Not too easy. Not too difficult.
Course Overview:
Professor Talaska clearly explained the material. The topic is a little challenging but manageable if you put in the effort. The course consists of combinatorics, statistics, and calculus. Previous knowledge of calculus and statistics are useful in this course.
Course highlights:
During this course, I learned methods of counting. I learned about statistical testing. I also learned how to solve differential equations. Furthermore, I also learned how to use matrix to solve a system of equations.
Hours per week:
9-11 hours
Advice for students:
Advice that I would give to students considering this course is to attend class regularly. You should also take detailed and organized notes that are easy to follow. Furthermore, you should complete all of the homework assignments, and do extra practice problems in order to prepare for exams.
Not too easy. Not too difficult.
Course Overview:
This course is a designed math course for aspiring healthcare-related professionals. It provides a strong basis of both fundamental math and statistics for biological sciences.
Course highlights:
Besides the technical math and statistical tools, I learned that staying on top of the material and not falling behind is the most crucial aspect of this class.
Hours per week:
9-11 hours
Advice for students:
Make sure you pay attention in class, read over your notes, and practice doing problems. Math only gets easier the more you do it.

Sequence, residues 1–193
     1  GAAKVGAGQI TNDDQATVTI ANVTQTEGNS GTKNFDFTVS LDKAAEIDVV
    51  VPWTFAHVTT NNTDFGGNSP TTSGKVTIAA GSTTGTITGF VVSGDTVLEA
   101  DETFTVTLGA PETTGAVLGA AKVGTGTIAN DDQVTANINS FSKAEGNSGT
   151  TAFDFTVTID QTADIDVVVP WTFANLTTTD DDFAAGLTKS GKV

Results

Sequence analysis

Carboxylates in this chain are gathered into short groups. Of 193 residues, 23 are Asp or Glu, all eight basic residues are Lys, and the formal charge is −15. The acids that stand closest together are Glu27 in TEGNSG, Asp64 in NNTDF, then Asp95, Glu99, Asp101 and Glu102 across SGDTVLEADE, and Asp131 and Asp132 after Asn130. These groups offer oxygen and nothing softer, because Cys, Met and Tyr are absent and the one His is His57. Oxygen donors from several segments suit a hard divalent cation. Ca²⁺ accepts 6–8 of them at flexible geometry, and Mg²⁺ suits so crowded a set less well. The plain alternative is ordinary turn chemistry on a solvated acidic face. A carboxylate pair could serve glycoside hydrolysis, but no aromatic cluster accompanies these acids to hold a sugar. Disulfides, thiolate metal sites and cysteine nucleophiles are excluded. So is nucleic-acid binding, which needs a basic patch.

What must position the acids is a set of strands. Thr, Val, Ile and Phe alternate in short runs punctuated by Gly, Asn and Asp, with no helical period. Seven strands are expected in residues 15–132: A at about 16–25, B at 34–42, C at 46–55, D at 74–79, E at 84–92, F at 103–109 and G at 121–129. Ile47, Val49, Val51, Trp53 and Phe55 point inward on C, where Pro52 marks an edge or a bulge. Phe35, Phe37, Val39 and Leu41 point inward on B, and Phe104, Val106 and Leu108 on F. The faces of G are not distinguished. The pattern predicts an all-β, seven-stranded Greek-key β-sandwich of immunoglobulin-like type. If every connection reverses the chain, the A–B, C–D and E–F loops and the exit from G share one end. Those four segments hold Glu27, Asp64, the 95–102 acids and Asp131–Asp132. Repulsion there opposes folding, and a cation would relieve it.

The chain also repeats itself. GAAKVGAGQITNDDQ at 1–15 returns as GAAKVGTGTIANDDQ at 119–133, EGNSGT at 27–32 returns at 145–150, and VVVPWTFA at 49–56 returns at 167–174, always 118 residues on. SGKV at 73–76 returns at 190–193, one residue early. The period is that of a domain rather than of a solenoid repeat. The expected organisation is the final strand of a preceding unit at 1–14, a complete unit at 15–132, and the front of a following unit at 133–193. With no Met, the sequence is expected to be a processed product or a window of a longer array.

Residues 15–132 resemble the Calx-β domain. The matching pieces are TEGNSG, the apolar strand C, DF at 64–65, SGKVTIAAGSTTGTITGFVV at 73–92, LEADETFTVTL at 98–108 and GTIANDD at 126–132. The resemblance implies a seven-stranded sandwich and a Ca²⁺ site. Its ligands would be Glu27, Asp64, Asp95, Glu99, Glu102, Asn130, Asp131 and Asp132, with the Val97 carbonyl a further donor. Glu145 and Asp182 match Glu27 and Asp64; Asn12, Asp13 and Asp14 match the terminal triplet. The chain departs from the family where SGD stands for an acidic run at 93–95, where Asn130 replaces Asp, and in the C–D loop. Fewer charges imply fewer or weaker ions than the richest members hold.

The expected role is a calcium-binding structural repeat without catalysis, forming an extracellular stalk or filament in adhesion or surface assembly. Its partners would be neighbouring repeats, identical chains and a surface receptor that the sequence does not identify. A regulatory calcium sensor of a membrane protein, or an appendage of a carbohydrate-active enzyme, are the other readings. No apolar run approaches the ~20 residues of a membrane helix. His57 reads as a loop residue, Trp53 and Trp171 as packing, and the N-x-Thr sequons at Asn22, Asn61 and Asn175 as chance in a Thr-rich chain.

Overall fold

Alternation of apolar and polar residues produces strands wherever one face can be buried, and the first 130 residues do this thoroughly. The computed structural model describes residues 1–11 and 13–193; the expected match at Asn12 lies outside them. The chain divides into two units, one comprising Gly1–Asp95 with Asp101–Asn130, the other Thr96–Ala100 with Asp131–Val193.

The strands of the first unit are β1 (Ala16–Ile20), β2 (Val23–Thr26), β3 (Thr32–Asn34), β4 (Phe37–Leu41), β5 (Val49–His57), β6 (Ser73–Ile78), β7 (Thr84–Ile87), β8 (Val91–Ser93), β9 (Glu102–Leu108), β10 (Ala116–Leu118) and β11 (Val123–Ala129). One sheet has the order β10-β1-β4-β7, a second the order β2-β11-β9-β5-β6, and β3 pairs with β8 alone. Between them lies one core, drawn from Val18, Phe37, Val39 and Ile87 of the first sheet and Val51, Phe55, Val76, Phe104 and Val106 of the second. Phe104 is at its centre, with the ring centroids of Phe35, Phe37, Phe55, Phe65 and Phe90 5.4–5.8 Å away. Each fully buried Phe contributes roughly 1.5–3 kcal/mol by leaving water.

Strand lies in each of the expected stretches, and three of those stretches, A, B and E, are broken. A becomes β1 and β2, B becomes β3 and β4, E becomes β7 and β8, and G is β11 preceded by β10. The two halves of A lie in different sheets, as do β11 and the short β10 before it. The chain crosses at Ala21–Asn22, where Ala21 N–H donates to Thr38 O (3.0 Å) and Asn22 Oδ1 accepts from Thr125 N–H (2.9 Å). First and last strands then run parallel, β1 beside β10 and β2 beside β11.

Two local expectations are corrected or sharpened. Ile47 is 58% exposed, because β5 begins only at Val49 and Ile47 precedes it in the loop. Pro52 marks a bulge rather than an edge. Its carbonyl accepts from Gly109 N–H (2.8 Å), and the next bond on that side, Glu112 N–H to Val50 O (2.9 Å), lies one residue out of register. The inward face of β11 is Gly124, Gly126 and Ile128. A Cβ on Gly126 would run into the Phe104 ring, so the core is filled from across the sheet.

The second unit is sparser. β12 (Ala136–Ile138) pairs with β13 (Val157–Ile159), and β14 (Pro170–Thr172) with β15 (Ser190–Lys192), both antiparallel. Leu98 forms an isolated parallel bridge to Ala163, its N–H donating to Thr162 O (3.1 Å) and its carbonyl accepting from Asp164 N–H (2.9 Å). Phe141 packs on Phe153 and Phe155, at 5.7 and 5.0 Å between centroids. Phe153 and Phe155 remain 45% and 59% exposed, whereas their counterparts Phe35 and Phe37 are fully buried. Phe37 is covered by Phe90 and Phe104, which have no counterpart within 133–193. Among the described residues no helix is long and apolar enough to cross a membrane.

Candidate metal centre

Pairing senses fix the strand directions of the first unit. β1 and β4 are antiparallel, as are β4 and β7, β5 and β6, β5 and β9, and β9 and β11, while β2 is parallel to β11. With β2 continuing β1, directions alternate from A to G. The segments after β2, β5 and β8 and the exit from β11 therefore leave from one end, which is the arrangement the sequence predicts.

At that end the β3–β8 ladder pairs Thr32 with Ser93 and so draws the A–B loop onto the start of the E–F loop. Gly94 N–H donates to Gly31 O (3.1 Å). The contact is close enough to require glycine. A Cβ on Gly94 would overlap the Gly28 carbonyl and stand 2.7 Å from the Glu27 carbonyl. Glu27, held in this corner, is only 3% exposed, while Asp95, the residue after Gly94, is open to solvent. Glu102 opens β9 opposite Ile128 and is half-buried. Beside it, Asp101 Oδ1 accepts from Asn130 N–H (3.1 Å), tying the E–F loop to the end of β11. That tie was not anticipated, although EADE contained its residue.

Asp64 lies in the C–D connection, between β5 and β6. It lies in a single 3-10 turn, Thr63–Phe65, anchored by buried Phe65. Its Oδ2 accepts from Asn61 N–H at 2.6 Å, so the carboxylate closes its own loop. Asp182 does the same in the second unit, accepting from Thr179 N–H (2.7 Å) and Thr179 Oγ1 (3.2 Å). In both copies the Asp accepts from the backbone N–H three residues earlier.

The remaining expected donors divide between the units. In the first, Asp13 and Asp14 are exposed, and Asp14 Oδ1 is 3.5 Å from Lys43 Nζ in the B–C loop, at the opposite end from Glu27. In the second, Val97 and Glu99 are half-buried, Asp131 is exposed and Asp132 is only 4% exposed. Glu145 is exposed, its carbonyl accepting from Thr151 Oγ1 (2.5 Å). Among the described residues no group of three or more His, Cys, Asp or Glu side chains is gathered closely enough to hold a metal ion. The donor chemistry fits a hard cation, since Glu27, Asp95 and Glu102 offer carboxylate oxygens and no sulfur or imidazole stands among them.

Not too easy. Not too difficult.
Course Overview:
As a bio major, I always felt that math was something useful, but not a field I found particularly exciting. Professor Ribet's enthusiasm and prestige is infectious: he rekindled my interest in math that once existed in seventh grade Algebra I, and brought it to a whole new level. Not only is he an entertaining lecturer, but he is also a wonderful person. Every week, he offers his free time to dine with students for breakfasts, lunches, and dinners. He also holds multiple office hours, some in his personal office and some at the Student Learning Center.
Course highlights:
I learned that a professor at a big university with a huge amount of prestige could be approachable and friendly. And yes, I learned a good deal about combinatorics (who can ever forget those bagel problems), statistics, and some linear algebra.
Hours per week:
6-8 hours
Advice for students:
Get to know Professor Ribet. And keep a diligent study schedule.